The very specific point I was trying to make is that generally in economic terms:

Level of Prosperity = Value of output (per capita) = function of amount of labour, amount of capital and the level of technology.

We are wealthy today than our parents were because of the technology that we consume, not the technology that we produce. Thinking that you are acting to increase income by try to boost the output of high tech type stuff is flawed thinking. It is the consumption of that stuff that makes us wealthy.

In effect, it really isn’t here nor there whether you produce high tech stuff. It is more important that you use it. Hence, just because there are Intel factories in Ireland, or Poland or wherever, won’t really bring them to the top of the income league. But the places that use the products of Intel are more likely to be.

There is an issue that is sort of related but not exactly what I was talking about in that governments or any central planning functions are useless at trying to “pick winners”. Best leave capital to find its best use through trial and error. Economic literature is also strongly supportive of that premise.

Geckko, your argument may be true globally, but does it apply in a small economy like Ireland? As I said, the reason we concentrate on supporting knowledge economy stuff via IDA and EI is because we have no natural resources, and these were the easiest (imho) export industries to bootstrap.

The upshot of your argument seems to suggest that the government should be supporting all businesses (construction, medicine, manufacturing, etc.) to use IT to improve efficiencies - instead of supporting IT specifically as an industry.

That’s not a bad idea. But we need more export businesses, right? Software (as an example) is one of the easiest things to set up and export. Hence the IDA and EI support.

Eliminate VAT on software? Allow more extensive write-offs on tech investments?

This is correct. The famous Japanese ministry of industry and trade which according to the legends has created the Japanese miracle actually advised Sony against buying patents for transistor, Honda against entering car manufacturers market and the remaining car manufacturers to merge because they couldn’t compete according to the sophisticated MITI analysis. At the same time while trying to kill the future winners, they had promoted an array of industries (space, petrochemicals ship-building for example) which turned out to be complete dogs.

As to your opening point, it’s capital accumulation and increased productivity that leads to increased standard of living. Obviously, the use of hi-tech increases productivity. Capital intensive activities are the most productive ones (like hi-tech research or financial services). Manufacture of technology products is best left to sweat-shops of Asia.

There is another important aspect to what you are saying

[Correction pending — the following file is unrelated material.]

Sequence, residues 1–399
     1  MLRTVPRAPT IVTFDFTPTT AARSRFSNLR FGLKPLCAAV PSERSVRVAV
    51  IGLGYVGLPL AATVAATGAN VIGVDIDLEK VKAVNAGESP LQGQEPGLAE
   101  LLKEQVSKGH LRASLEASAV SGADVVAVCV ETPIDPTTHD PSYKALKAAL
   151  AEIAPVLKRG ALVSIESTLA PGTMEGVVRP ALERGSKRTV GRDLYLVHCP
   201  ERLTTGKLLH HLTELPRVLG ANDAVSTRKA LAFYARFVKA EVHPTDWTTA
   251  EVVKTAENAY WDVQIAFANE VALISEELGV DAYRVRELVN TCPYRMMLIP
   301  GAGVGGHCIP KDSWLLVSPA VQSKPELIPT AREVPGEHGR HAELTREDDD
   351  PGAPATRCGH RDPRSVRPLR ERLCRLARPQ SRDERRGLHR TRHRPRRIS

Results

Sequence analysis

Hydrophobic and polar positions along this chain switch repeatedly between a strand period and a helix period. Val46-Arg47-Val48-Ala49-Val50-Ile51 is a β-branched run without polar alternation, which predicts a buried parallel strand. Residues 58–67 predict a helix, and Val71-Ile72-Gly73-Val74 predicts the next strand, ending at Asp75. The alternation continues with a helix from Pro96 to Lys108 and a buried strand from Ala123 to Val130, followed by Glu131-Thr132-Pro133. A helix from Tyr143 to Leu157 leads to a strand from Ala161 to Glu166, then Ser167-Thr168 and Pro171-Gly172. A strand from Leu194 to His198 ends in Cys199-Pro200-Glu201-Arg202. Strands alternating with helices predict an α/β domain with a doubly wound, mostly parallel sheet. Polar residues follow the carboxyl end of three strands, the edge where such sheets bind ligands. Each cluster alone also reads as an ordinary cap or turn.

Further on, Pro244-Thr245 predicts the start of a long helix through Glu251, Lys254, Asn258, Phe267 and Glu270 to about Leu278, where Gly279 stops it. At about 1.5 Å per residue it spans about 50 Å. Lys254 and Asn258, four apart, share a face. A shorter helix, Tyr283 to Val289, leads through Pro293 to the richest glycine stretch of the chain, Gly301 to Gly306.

Essentially, government policy (not just in Ireland) is to make money and other advantages available to a company if they create jobs. (eg. Fas spent Euro250,000 in 2007 for every person they placed in a job)

If companies utilise advanced technological solutions to replace jobs, they are penalised.

So, the kind of technology consumption you are alluding to is encouraged very little. (If I understand you correctly).

‘Job creation’ is engrained deeply in our mindset. It doesn’t matter how crappy the job, or if it would be better done by a robot - ‘a job is a job’ as they say.

If one were instead to concentrate on increasing productiveness (public and private benefit) with a focus on utilising technology to do that, then there is a critical political challenge to address. ie. How do you distribute the benefits of that increased productivity equitably? - At the moment, the system is set up so that the work that someone does entitles them to their share in that productivity.

Personally, I look forward to the day where our essential needs could be met through technological solutions. And the proceeds of our technologically derived productivity was distributed equitably. So that people were then absolutely free to choose the work that they wanted to do. I think if people were left alone, they would not need to be forced to work. It is an inherent thing in us. 8DD

whilst what you say does make sense, you seem to overlook various factors and are placing, perhpas to use an analogy, the chicken before the egg.

As you well know, output is a measure of production and prosperity is a function of production in excess of consumption, where income is the resultant of realisable production less consumption.

Economics will show, you can only throw certain amounts of investment capital and human capital at production before you experience diminishing returns - aka golden level of capital. Technology is the key lifter of production to a higehr level and allows the process to rinse and repeat.

For levels to be lifted, technology must evolve and improve to further push out the x-axis point of capital, be that investment capital or the human kind.

Now, for technology to improve, it must be worked upon. This process is also curtailed by the same process as above. One can argue the pros and cons of various schemes, but to move up the value chaing and become more prosperous one must improve technology. It is by improving technology that further efficiences are gained.
Let the market decide which technology is preferrable, as it has always done, but the technology choices must be put in place before that.

I agree that it is the consumption, and the ability to promote your technology over a rivals, thus ensuing the consumption of your technology that increases prosperity.

Not much point in having the best computer in your factory if you can’t have people buy them and hence consume to further allow for more technology investment and so on.

As for Ireland being a innovative country, seriously, don’t kid me. We are good at jumping on the back of technolgy but alas we dont seem to have the ability to be at the fore. So, whilst we can replicate a model developed elsewhere, this inability to innovate pushes us further down the food chain, and as such, we will always be subject to the vagaries of the innovater.

Thats my tup-pence worth…excuse the generalsations and so forth as well as the bad spelling…

I was going to make the same point as you did. Love that link you put it up before.

Let the robots do the work while we play! … &ct=title# … 5014.shtml